Gabriel Said Reynolds
While Islam is often regarded as a stand-alone faith tradition, Gabriel Said Reynolds — University of Notre Dame professor of Islamic studies and theology — shows in his newest publication, The Qur’an & the Bible: Text and Commentary, that the connections between the sacred texts of Islam, Christianity, and Judaism run deep.
Traditional religious scholarship favors the view that background to the Quran is largely pagan and partially Jewish, but Reynolds argues that the Quran and the Bible are intrinsically linked, and that by reading the Quran as a work in conversation with biblical literature, readers can better understand the text — and the historical context of late antiquity that gave rise to Islamic tradition.
“The Quran is an original work in literary and religious terms, but also a work which depends heavily on its audience’s knowledge of the Bible,” Reynolds writes in the introduction.
“The Qur’an & the Bible” features a full translation of the Quran along with excerpts from Jewish and Christian texts, and, unlike other comparative works, it is organized according to the Quran’s contents and not the Bible’s.
Reynolds notes that about 25 percent of the Quran’s verses are concerned with narratives of prophets or other figures from Jewish and Christian tradition, but says the shared content and themes are far more extensive.
“The Quran’s vision of creation and eschatology (the beginning and end of things), its cosmology, its use of parables, and its discussion of legal matters are all intimately connected to Biblical tradition,” Reynolds said. “Even the concept of Muhammad’s prophethood (i.e., the idea that God would send an angel to one man and task him with communicating the angel’s messages to his people) is biblical.”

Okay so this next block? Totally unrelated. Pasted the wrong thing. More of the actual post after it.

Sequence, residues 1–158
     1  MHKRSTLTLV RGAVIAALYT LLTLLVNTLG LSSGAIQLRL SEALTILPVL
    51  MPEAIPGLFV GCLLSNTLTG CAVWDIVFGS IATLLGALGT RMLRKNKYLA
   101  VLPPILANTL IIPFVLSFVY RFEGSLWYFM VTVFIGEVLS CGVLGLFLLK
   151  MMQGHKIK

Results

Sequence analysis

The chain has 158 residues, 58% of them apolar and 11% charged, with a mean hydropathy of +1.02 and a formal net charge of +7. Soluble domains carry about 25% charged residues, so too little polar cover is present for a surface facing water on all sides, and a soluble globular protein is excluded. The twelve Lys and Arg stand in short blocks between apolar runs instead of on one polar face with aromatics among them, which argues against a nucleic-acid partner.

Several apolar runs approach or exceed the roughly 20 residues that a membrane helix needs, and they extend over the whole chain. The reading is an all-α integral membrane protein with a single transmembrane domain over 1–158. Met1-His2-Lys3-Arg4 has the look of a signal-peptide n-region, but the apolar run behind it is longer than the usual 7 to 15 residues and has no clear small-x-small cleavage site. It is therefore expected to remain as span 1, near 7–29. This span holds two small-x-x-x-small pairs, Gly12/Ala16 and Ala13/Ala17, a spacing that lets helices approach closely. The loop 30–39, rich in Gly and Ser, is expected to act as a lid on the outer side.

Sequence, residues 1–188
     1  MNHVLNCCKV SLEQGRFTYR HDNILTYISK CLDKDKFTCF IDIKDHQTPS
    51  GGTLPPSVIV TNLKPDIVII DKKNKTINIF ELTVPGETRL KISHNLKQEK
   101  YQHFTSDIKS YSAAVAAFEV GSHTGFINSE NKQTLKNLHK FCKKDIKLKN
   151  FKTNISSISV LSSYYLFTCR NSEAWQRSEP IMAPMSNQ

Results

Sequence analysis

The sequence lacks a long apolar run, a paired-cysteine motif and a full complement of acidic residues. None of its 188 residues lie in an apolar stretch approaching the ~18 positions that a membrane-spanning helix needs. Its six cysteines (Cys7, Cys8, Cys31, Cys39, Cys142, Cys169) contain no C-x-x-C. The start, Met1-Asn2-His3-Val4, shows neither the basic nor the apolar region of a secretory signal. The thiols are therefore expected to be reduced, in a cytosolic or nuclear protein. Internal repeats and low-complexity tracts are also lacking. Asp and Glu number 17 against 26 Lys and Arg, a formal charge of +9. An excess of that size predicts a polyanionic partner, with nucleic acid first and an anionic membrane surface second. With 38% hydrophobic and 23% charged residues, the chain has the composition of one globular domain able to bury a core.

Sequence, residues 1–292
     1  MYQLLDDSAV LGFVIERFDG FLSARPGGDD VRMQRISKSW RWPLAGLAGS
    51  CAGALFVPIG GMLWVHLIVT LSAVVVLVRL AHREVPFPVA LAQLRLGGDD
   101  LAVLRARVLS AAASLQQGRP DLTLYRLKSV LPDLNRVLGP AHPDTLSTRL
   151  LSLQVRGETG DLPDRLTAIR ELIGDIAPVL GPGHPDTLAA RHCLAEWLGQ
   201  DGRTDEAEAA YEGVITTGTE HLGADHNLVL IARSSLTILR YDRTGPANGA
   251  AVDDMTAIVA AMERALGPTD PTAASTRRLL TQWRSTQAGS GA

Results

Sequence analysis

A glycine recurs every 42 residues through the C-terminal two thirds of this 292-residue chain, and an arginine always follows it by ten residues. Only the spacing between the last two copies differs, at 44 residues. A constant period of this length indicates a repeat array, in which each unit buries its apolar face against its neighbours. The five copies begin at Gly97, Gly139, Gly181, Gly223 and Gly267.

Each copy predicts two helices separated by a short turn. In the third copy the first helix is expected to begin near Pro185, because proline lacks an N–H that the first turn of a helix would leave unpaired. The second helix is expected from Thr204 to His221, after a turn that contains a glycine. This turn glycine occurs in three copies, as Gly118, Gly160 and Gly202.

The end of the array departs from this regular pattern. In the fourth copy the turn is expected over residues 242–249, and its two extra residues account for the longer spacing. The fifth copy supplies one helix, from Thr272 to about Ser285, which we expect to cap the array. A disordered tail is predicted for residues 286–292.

Reynolds’ commentary demonstrates how Jewish and Christian characters, imagery, and literary devices feature prominently in the Quran, including stories of angels bowing before Adam and of Jesus speaking as an infant.
“These various comparisons show that the Quran is not so much borrowing from any particular work, but rather emerging from a religious culture in which these traditions were discussed and elaborated,” Reynolds said.
He added: “By referring regularly to Jewish and Christian traditions, the Quran demands that its audience know those traditions. The Quran, in other words, has an intimate relationship with the Bible. We should thus learn to appreciate the Quran not only as the scripture of Islam but also as a central work in the history of Biblical literature.”
Originally published at news.nd.edu.